Simon P. Driver, University of Western Australia
Angus H. Wright, University of Western Australia
Stephen K. Andrews, University of Western Australia
Luke J. M. Davies, University of Western Australia
Prajwal R. Kafle, University of Western Australia
Rebecca Lange, University of Western Australia
Amanda J. Moffett, University of Western Australia
Elizabeth Mannering, University of Western Australia
Aaron S. G. Robotham, University of Western Australia
Kevin Vinsen, University of Western Australia
Mehmet Alpaslan, NASA Ames Research Center
Ellen Andrae, Max Planck Institute for Nuclear Physics
Ivan K. Baldry, Liverpool John Moores University
Amanda E. Bauer, Australian Astronomical Observatory
Steven P. Bamford, University of Nottingham
Joss Bland-Hawthorn, University of Sydney
Nathan Bourne, University of Edinburgh
Sarah Brough, Australian Astronomical Observatory
Michael J. I. Brown, Monash University
Michelle Cluver, University of Western Cape
Scott M. Croom, University of Sydney
Matthew Colless, Australian National University
Christopher J. Conselice, University of Nottingham
Elisabete da Cunha, Swinburne University of Technology - Australia
Roberto De Propris, University of Turku
Michael Drinkwater, University of Queensland
Loretta Dunne, Cardiff University
Steve Eales, Cardiff University
Alastair Edge, Durham University
Carlos Frenk, Durham University
Alister W. Graham, Swinburne University of Technology
Meiert Grootes, Max Planck Institut fuer Kernphysik
Benne W. Holwerda, University of Louisville
Andrew M. Hopkins, Australian Astronomical Observatory
Edo Ibar, Universidad de Valparaiso
Eelco van Kampen, European Southern Observatory
Lee S. Kelvin, Liverpool John Moores University
Tom Jarrett, University of Cape Town
D. Heath Jones, Macquarie University
Maritza A. Lara-Lopez, Universidad Nacional Autonoma de Mexico
Jochen Liske, Universitat Hamburg
Angel R. Lopez-Sanchez, Australian Astronomical Observatory
Jon Loveday, University of Sussex
Steve J. Maddox, Cardiff University
Barry Madore, Observatories of the Carnegie Institute for Science
Smriti Mahajan, Indian Institute of Science Education and Research Mohali
Martin Meyer, University of Western Australia
Peder Norberg, Durham University
Samantha J. Penny, University of Portsmouth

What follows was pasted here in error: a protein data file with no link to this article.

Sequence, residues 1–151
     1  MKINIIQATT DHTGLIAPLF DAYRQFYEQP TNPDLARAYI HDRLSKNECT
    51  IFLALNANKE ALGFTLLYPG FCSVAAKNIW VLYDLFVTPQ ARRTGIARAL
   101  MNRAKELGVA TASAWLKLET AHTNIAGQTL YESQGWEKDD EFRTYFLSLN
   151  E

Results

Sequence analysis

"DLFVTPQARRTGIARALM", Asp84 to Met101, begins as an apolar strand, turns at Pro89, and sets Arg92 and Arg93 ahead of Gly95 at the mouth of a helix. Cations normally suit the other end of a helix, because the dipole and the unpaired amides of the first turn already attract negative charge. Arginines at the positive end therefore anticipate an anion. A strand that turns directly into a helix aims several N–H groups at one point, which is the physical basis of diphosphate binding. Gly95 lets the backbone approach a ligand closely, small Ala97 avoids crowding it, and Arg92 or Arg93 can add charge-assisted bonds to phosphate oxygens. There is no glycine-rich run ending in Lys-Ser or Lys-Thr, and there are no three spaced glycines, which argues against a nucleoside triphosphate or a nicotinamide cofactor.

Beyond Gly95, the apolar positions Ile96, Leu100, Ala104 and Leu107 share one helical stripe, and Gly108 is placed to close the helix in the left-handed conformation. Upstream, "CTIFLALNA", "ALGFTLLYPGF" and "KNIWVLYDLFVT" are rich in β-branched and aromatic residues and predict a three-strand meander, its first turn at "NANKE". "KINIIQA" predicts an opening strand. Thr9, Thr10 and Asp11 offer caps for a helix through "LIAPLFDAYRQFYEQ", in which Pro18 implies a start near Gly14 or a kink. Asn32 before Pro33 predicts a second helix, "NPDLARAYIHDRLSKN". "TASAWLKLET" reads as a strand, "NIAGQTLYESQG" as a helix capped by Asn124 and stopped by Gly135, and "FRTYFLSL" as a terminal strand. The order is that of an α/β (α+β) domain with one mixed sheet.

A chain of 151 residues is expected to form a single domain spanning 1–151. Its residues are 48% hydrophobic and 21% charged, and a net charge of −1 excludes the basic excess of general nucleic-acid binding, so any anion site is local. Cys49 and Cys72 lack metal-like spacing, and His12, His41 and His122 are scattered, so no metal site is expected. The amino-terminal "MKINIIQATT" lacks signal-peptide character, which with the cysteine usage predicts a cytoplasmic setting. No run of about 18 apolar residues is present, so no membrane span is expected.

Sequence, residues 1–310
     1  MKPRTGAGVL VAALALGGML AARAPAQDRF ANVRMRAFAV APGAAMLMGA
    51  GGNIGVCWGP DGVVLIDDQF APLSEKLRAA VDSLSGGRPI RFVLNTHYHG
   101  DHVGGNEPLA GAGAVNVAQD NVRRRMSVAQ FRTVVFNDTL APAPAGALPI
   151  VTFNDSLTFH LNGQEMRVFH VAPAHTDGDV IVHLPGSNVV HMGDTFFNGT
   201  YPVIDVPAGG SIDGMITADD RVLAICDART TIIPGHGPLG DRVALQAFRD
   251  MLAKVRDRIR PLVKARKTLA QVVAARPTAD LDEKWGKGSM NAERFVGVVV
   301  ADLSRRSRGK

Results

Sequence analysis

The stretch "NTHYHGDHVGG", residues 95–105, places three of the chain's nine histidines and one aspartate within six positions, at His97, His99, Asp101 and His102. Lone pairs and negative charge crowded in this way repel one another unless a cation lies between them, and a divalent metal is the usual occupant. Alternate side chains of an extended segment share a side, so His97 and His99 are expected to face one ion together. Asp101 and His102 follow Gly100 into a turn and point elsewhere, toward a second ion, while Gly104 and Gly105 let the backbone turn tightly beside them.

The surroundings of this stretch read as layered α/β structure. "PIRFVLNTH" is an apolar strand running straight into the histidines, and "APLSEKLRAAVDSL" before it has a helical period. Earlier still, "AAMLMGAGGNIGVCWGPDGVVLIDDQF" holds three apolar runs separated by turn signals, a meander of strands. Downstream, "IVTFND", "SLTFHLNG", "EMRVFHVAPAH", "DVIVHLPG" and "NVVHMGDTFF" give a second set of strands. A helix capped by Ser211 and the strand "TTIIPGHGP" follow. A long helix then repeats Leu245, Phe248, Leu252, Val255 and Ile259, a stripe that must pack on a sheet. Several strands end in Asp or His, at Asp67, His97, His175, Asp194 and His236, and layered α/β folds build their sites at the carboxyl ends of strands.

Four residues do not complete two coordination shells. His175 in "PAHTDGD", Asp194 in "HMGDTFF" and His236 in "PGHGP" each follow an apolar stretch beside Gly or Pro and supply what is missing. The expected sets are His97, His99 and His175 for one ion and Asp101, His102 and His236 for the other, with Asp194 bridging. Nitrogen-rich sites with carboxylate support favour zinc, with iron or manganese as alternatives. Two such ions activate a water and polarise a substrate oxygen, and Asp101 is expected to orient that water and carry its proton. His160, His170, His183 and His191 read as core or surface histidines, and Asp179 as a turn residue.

Steven Phillipps, University of Bristol
Cristina C. Popescu, University of Central Lancashire
Richard Tuffs, Max-Planck-Institut fur Kernphysik
John A. Peacock, University of Edinburgh
Kevin A. Pimbblet, University of Hull
Matthew Prescott, University of the Western Cape
Kate Rowlands, University of St Andrews
Anne E. Sansom, University of Central Lancashire
Mark Seibert, Observatories of the Carnegie Institute for Science
Matthew W. L. Smith, University of Queensland
Will J. Sutherland, Queen Mary University London
Edward N. Taylor, University of Melbourne
Elisabetta Valiante, Cardiff University
J. Antonio Vazquez-Mata, University of Sussex
Lingyu Wang, Durham University
Stephen M. Wilkins, University of Sussex
Richard P. Williams, Liverpool John Moores University

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Physics and Astronomy


We present the Galaxy And Mass Assembly (GAMA) Panchromatic Data Release (PDR) constituting over 230 deg2 of imaging with photometry in 21 bands extending from the far-UV to the far-IR. These data complement our spectroscopic campaign of over 300k galaxies, and are compiled from observations with a variety of facilities including: GALaxy Evolution eXplorer, Sloan Digital Sky Survey, Visible and Infrared Telescope for Astronomy (VISTA), Wide-field Infrared Survey Explorer, and Herschel, with the GAMA regions currently being surveyed by VLT Survey Telescope (VST) and scheduled for observations by Australian Square Kilometer Array Pathfinder (ASKAP). These data are processed to a common astrometric solution, from which photometry is derived for ∼221 373 galaxies with r < 19.8 mag. Online tools are provided to access and download data cutouts, or the full mosaics of the GAMA regions in each band. We focus, in particular, on the reduction and analysis of the VISTA VIsta Kilo-degree INfrared Galaxy data, and compare to earlier data sets (i.e. 2MASS and UKIDSS) before combining the data and examining its integrity. Having derived the 21-band photometric catalogue, we proceed to fit the data using the energy balance code magphys. These measurements are then used to obtain the first fully empirical measurement of the 0.1–500 μm energy output of the Universe. Exploring the cosmic spectral energy distribution across three time-intervals (0.3–1.1, 1.1–1.8, and 1.8–2.4 Gyr), we find that the Universe is currently generating (1.5 ± 0.3) × 1035 h70 W Mpc−3, down from (2.5 ± 0.2) × 1035 h70 W Mpc−3 2.3 Gyr ago. More importantly, we identify significant and smooth evolution in the integrated photon escape fraction at all wavelengths, with the UV escape fraction increasing from 27(18) per cent at z = 0.18 in NUV(FUV) to 34(23) per cent at z = 0.06. The GAMA PDR can be found at:


This article has been accepted for publication in Monthly Notices of the Royal Astronomical Society Copyright: 2016. Published by Oxford University Press on behalf of the Royal Astronomical Society. All rights reserved.

Original Publication Information

Driver, Simon P. et al. "Galaxy And Mass Assembly (GAMA): Panchromatic Data Release (far-UV–far-IR) and the Low-z Energy Budget." 2016. Monthly Notices of the Royal Astronomical Society 455(4): 3911-3942.